Part of the problem is that TSA
and dates that it had to carry out specific functions were mandated by Congress with no specific reasoning.
The thinking was that federal employees would do a better job than screeners employed by security companies. Why? I'm a lawyer, and the security people that conduct screening of visitors going into the federal buildings in downtown Chicago aren't deputy U.S. Marshalls. They are employees of a private company that is hired and supervised by the U.S. Marhshall's Office in Chicago. A lot of them are former police officers, MPs, or other law enforcement agents, and a number of them carry firearms.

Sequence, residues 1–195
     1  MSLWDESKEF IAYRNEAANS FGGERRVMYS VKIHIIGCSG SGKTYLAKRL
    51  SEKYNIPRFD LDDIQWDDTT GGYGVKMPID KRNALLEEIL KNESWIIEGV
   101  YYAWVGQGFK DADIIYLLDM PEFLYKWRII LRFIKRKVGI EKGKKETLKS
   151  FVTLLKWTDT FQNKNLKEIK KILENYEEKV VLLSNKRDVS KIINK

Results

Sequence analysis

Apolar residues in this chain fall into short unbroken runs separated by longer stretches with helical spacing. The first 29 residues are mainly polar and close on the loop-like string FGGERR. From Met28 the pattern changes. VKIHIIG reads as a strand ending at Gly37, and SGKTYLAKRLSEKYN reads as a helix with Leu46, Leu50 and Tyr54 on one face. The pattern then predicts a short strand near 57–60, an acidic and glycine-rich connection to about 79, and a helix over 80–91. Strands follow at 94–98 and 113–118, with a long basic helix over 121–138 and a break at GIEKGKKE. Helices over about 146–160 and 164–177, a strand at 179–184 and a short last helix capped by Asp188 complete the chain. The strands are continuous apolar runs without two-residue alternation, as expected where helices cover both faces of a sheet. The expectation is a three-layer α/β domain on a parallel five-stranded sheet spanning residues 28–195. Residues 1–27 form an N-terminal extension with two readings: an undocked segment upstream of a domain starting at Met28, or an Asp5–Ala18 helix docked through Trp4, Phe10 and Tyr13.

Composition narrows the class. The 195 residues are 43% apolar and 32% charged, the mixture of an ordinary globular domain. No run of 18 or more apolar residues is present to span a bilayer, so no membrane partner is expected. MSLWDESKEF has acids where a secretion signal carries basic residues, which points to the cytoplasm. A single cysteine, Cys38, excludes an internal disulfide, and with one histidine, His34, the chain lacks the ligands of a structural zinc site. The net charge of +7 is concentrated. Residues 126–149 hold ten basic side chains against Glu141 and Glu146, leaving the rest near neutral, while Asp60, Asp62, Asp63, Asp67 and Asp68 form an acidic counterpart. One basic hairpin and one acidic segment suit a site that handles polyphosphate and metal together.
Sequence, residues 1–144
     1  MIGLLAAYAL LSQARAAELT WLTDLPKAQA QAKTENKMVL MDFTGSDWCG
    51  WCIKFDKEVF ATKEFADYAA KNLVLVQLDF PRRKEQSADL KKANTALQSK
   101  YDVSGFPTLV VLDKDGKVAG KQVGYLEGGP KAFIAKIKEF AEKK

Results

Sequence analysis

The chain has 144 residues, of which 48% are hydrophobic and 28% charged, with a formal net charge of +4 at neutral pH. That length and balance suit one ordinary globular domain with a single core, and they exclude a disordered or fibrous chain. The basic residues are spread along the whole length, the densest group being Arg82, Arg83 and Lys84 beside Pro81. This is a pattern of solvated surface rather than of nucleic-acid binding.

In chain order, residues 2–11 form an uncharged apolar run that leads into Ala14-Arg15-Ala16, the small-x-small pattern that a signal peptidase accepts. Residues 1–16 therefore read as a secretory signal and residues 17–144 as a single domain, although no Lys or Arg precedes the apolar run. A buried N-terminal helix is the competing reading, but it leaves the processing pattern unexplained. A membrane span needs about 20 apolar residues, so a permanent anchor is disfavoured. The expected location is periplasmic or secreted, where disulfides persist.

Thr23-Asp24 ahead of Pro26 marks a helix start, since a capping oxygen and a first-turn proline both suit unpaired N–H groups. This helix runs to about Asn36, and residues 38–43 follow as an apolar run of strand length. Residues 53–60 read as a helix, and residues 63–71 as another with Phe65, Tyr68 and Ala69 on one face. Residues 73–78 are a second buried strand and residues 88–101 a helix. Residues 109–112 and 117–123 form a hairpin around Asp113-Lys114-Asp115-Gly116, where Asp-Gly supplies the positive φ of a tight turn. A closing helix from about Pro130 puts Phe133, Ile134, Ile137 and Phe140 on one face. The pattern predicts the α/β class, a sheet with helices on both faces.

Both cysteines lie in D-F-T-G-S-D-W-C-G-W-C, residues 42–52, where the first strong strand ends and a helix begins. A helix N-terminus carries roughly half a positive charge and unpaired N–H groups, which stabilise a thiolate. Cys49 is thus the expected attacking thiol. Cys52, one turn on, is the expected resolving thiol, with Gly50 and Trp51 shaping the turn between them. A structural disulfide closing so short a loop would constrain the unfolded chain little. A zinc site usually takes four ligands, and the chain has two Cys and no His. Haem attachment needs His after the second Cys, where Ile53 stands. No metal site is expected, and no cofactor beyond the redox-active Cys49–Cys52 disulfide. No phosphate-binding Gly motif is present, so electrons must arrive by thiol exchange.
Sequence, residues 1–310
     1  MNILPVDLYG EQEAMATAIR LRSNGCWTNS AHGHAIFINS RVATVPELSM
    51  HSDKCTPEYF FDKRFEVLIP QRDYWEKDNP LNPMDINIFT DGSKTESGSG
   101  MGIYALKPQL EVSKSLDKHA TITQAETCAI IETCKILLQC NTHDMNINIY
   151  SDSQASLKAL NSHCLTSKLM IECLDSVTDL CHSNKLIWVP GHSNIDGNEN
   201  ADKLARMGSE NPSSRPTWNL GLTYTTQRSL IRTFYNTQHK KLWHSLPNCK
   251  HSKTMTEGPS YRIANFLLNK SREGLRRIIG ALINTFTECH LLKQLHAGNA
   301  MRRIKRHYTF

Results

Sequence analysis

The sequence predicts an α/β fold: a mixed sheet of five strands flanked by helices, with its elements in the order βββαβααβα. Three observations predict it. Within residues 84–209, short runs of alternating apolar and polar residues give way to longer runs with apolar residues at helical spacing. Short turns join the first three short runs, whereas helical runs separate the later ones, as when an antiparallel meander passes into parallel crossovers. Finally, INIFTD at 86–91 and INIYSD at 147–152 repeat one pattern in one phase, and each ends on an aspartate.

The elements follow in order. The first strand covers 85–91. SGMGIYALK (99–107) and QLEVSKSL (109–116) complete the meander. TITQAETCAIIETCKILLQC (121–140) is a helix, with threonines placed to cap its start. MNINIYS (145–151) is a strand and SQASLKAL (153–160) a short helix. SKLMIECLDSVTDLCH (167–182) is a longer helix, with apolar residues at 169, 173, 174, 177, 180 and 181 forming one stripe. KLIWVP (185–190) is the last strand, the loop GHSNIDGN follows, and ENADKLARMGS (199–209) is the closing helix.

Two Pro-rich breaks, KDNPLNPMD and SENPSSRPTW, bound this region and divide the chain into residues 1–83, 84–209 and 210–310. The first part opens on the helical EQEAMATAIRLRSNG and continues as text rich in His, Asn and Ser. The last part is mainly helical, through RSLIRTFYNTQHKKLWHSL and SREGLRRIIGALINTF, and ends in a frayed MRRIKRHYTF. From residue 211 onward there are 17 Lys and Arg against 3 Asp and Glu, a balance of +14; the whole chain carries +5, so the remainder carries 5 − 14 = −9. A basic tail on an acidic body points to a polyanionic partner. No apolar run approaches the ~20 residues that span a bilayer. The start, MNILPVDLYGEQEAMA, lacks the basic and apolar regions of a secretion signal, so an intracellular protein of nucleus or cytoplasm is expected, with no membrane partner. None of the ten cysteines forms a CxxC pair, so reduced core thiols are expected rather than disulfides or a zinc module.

Granted, in Chicago, besides terrorism, security is designed to keep prisoners from escaping and members of gangs and organized crime from turning courtrooms into shooting galleries. But if the U.S. Marshall feels comfortable with non-federal personnel keeping buildings secure, maybe aviation security can be handled in a similar fashion.
I don't blame TSA
for all of its problems, although it comes up with some goofy ideas. Congress gets a lot of the blame.
After Pan Am 103 blew up, the British government decided to upgrade aviation security. It took 4 years to get to a level that officials felt was good, and another 2 to 3 years to get to a level that officials felt could truly thwart almost any attempt to carry out a terror or other criminal act. That's 6 to 7 years of planning, testing, and refining policies and systems.
Congress wanted this done in 15 months, because it wanted to minimize the risk of another attack. If that's the case, Congress should have thought about this back in the late 80s or early 90s.